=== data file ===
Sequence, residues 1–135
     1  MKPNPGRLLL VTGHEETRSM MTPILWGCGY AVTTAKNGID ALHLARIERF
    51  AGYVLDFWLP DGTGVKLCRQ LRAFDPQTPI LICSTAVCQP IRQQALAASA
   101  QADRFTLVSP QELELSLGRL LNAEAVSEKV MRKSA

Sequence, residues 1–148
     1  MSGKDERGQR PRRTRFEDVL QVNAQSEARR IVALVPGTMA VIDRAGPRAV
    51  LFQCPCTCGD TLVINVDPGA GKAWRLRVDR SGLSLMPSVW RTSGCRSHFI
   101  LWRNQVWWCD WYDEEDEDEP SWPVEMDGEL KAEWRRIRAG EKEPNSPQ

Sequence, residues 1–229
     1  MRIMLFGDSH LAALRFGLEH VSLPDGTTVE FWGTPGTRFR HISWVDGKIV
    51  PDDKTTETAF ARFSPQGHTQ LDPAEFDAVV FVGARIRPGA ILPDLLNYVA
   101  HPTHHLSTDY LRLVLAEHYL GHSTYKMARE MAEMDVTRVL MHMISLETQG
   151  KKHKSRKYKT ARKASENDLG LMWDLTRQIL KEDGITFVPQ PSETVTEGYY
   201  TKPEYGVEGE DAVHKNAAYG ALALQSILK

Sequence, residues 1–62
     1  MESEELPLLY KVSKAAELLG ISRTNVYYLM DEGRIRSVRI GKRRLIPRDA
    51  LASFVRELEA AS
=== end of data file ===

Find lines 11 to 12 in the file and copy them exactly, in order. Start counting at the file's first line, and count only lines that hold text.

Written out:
    51  PDDKTTETAF ARFSPQGHTQ LDPAEFDAVV FVGARIRPGA ILPDLLNYVA
   101  HPTHHLSTDY LRLVLAEHYL GHSTYKMARE MAEMDVTRVL MHMISLETQG